Water quality testing in Yampa River could lead to new classification and regulations
Steamboat Springs — City officials in Steamboat Springs say some high water temperature readings taken in the Yampa River west of Hayden in recent years could soon lead to a big change in how a 57-mile stretch of the river is regulated by the state.
The stretch of the Yampa that runs from the confluence of Oak Creek south of Steamboat to the Moffat County border is poised to be listed by the Colorado Department of Public Health and Environment as an impaired waterbody.
City officials are concerned the listing could eventually lead to, multi-million upgrades to such things as the wastewater treatment plants that discharge water into the river.
They are questioning the methodology used to arrive at the listing and are hoping a proposal to monitor the health of the river in more areas will help municipalities along the river avoid costly new regulations.
“Given the variability of altitude, temperature and aquatic life throughout the 57-mile segment, the city questions whether the standard applied to such a long reach (of the river) is appropriate,” officials recently wrote in a memo to the Steamboat Springs City Council.
The test results, which could ultimately lead to the reclassification of the entire stretch of river, were taken in 2012 and 2013 near a boat launch site near the Moffat County border.
Higher water temperatures can have an adverse impact on the ecology of the river and fish populations.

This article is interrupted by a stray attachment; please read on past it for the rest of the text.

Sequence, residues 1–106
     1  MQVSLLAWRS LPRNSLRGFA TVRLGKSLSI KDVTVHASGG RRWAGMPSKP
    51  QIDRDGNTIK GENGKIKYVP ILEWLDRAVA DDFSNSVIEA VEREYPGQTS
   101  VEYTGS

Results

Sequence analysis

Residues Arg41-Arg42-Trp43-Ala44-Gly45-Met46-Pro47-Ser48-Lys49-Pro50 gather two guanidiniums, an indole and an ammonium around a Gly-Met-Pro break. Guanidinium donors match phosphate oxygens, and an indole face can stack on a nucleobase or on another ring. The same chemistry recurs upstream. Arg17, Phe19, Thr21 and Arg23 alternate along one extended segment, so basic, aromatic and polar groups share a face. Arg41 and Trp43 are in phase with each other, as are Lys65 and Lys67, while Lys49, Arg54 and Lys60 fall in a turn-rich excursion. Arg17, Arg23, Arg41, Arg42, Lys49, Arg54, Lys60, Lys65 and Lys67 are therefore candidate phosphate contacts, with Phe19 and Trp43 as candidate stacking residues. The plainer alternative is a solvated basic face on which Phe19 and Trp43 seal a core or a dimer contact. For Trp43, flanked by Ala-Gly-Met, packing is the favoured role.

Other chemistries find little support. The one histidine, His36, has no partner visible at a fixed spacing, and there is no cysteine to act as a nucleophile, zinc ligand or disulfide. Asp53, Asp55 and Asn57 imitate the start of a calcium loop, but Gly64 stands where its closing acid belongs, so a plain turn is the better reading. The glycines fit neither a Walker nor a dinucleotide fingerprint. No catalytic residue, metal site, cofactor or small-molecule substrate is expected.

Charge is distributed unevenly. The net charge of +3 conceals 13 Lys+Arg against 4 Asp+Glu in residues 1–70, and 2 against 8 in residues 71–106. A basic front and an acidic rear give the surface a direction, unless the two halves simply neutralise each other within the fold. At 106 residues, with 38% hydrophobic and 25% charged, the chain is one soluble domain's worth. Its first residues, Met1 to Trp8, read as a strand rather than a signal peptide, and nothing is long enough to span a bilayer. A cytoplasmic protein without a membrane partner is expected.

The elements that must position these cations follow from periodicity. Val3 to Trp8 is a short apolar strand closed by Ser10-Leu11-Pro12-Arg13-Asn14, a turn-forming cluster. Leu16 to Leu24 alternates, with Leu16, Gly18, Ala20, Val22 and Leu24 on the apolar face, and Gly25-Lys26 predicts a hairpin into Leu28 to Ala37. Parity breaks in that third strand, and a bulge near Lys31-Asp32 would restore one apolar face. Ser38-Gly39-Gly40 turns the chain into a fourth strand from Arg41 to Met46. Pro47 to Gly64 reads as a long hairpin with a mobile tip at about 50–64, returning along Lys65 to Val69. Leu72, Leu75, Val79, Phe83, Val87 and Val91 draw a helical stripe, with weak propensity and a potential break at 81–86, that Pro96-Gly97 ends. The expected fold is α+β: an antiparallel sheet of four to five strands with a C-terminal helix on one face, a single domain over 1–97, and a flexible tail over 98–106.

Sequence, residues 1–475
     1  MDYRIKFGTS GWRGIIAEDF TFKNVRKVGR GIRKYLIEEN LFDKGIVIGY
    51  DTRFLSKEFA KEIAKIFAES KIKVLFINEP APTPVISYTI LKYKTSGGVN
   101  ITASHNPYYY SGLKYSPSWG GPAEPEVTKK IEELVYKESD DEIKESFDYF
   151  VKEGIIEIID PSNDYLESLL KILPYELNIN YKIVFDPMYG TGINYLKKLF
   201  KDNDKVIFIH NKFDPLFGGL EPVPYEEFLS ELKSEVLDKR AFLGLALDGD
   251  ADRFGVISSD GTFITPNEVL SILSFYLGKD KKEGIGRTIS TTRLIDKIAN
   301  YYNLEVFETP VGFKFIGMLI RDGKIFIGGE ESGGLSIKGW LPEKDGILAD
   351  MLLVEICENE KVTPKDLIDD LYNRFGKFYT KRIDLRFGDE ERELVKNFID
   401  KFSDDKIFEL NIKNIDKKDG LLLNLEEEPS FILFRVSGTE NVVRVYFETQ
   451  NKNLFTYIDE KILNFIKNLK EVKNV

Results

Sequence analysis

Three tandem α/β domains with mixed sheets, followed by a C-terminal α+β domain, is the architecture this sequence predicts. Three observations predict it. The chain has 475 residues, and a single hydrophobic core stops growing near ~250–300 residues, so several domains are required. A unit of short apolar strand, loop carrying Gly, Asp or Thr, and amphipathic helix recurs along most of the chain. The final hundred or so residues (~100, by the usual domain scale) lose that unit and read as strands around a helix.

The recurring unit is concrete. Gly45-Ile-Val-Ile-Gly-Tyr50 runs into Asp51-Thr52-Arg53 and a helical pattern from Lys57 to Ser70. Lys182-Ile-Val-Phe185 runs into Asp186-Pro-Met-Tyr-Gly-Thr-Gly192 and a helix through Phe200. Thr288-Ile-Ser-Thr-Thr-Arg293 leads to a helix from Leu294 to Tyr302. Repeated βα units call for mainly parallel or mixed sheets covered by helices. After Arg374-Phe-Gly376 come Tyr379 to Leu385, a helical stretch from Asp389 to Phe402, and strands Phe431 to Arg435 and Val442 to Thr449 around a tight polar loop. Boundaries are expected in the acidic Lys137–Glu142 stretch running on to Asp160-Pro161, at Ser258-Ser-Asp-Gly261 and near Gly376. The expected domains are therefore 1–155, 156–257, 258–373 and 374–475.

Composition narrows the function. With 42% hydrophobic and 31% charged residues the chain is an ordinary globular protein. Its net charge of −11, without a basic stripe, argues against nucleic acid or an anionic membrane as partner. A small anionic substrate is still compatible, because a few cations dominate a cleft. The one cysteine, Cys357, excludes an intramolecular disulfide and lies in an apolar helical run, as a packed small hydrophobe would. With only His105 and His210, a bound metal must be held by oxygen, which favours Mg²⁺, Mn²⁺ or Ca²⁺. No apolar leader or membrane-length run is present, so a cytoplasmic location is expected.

Kelly Heaney, the city’s water resources manager, said the Water Quality Control Commission will consider whether to list the Yampa as an impaired waterbody at its Dec. 14 meeting.
“It could potentially have a costly impact on the wastewater treatment plants in Hayden, Milner and ours,” Heaney said.
She said the added regulations could call for such things as the installation of expensive cooling towers at these wastewater treatment facilities. The classification could also add more regulations to construction de-watering permits, industrial discharge permits and stormwater permits.
Heaney will attend the Dec. 14 hearing to outline the city’s plans and the extensive efforts it has undertaken already to protect the water quality of the Yampa.
Heaney said the city does not have enough temperature data from the entire stretch of the Yampa to oppose the listing on the impaired water list. So, city officials are proposing to invest more in monitoring the quality of the Yampa at more locations to better understand what impacts the temperature changes are having on the river.
Heaney said the city feels there isn’t yet enough data about the causes of the temperature variations in the river to warrant the costly regulations that could be put in place by the river’s listing on the impaired waterbody list.
“We don’t want to be chasing a waterbody impairment that may not be a waterbody impairment,” Heaney said.
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